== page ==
The US says it is sending aid to crisis-hit Venezuela following a request from Juan Guaidó, the opposition leader who has declared himself interim president.
Mr Guaidó's move last month won swift backing from the US and others but triggered a power struggle.
Venezuela's President Nicolás Maduro has accused him of mounting a coup and retains major international allies.
He has dismissed US offers of aid as a pretext for military intervention.
Saturday saw thousands take to the streets of the capital Caracas for protests in support of both President Maduro and Mr Guaidó.
Crucially, Mr Maduro retains the support of the military, but ahead of the demonstrations Mr Guaidó was given a boost after an air force general - Francisco Yanez - became the highest-ranking military official yet to pledge support for the opposition leader.
Mr Guaidó says he has held secret meetings with the military to win support for ousting Mr Maduro and also reached out to China, one of Mr Maduro's most important backers.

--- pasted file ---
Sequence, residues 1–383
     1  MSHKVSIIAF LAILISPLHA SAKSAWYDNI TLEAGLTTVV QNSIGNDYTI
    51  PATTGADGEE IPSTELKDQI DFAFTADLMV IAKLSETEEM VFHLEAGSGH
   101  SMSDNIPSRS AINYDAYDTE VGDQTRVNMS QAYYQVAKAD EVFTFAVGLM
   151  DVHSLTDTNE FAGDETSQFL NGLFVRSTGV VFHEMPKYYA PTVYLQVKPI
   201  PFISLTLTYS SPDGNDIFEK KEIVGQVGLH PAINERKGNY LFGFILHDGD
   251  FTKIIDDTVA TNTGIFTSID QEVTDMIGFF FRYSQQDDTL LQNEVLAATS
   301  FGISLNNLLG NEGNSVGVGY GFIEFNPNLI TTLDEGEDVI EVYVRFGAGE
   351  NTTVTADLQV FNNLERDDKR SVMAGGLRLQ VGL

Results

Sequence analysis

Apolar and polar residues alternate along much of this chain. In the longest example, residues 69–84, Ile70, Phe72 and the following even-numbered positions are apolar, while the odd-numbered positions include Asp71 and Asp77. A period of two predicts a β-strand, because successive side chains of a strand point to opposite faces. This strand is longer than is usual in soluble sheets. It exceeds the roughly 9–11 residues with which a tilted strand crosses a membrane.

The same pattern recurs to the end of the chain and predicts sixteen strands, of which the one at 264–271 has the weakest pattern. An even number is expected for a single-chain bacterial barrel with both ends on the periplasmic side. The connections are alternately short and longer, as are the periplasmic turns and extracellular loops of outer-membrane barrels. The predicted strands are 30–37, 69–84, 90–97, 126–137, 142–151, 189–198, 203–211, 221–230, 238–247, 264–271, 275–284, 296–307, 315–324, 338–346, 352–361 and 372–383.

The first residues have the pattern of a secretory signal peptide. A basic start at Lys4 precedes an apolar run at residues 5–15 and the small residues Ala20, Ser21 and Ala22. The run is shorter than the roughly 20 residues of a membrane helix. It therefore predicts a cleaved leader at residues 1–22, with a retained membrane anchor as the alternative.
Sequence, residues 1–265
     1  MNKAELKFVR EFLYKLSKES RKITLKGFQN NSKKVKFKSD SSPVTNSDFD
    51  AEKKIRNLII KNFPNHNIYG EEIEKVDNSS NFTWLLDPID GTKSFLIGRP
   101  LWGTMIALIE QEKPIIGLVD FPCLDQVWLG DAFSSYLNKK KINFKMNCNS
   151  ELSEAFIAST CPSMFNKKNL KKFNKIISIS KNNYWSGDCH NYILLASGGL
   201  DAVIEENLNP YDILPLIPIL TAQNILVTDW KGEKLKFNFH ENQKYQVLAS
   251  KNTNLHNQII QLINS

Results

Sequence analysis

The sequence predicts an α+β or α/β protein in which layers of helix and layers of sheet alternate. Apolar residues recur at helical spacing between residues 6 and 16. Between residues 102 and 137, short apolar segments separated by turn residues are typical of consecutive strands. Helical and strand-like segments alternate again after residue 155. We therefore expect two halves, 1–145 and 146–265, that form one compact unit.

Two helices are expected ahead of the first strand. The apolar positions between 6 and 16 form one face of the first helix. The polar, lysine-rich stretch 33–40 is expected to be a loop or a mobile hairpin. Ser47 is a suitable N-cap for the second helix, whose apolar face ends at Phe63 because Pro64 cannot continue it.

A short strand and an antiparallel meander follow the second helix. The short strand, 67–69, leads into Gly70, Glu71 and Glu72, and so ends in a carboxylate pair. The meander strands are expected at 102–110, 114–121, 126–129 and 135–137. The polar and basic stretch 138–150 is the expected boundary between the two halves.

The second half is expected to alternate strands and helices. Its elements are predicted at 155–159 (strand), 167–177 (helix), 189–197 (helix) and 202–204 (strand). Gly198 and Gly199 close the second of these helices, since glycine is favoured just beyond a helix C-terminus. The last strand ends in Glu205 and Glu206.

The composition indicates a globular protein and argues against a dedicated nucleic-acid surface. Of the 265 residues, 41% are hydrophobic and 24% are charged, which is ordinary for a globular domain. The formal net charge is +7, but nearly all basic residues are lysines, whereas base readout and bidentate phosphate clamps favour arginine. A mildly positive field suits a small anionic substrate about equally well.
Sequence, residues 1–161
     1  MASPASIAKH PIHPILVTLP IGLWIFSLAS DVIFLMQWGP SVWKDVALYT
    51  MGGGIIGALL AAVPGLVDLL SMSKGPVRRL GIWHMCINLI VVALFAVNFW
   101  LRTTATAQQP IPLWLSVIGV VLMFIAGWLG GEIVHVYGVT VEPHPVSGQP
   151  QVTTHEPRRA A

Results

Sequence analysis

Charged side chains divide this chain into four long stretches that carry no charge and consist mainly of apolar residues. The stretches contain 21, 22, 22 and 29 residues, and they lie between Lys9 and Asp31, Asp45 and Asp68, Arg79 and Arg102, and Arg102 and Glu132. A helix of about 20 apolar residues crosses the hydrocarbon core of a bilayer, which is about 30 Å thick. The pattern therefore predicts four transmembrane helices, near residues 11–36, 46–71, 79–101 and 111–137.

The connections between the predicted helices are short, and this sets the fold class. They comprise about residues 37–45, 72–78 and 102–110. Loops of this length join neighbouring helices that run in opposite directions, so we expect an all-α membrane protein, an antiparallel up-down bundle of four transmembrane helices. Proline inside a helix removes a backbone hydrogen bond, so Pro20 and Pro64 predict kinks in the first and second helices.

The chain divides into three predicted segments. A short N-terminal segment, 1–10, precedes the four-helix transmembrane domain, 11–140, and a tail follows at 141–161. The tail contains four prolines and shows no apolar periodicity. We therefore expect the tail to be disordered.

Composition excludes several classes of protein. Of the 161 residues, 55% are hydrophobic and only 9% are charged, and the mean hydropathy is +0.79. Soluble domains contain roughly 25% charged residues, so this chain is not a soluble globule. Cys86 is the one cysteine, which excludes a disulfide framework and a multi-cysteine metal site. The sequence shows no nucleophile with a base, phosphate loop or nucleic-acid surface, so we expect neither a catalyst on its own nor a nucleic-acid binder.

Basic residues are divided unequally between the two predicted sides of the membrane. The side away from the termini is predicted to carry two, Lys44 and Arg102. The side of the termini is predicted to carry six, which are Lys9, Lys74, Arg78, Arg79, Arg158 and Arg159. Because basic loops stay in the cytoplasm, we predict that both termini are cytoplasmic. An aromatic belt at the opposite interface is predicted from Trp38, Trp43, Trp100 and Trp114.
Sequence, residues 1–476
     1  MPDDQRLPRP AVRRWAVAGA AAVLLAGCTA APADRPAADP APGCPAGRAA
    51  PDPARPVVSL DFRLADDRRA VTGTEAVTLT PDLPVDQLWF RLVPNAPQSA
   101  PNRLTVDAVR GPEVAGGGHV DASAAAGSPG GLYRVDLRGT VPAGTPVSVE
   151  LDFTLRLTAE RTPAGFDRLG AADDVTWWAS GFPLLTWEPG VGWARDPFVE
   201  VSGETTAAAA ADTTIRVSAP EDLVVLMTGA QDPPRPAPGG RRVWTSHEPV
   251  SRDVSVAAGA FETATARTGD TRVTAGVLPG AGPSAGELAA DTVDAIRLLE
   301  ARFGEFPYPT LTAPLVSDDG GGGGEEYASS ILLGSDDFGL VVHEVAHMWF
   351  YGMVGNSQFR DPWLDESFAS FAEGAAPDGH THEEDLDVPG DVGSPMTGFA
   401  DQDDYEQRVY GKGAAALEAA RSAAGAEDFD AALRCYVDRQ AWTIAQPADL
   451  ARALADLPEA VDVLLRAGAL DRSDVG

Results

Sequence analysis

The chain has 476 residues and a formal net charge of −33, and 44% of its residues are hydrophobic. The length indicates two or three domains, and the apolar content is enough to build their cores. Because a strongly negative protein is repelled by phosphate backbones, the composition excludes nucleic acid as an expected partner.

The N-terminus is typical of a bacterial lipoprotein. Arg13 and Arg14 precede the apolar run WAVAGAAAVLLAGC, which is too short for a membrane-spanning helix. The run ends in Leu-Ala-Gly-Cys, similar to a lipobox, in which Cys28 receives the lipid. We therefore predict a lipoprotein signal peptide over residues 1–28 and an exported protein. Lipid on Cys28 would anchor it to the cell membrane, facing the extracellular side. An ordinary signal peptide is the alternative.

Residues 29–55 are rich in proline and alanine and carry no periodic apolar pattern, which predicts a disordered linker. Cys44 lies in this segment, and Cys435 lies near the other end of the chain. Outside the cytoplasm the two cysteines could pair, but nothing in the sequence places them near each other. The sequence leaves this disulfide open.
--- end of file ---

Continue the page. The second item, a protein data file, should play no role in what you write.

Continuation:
Mr Guaidó does not control any territory in Venezuela, so instead he is planning to set up collection centres in neighbouring countries where Venezuelans have fled to.
He said he wanted to set up an international coalition to gather aid at three points, and press Venezuela's army to let it into the country.
In a tweet, US National Security Adviser John Bolton said plans were being advanced this weekend.
Mr Maduro has rejected letting aid into the country, telling supporters on Saturday "we've never been nor are we a country of beggars".
US President Donald Trump has told CBS that the use of military force remains "an option".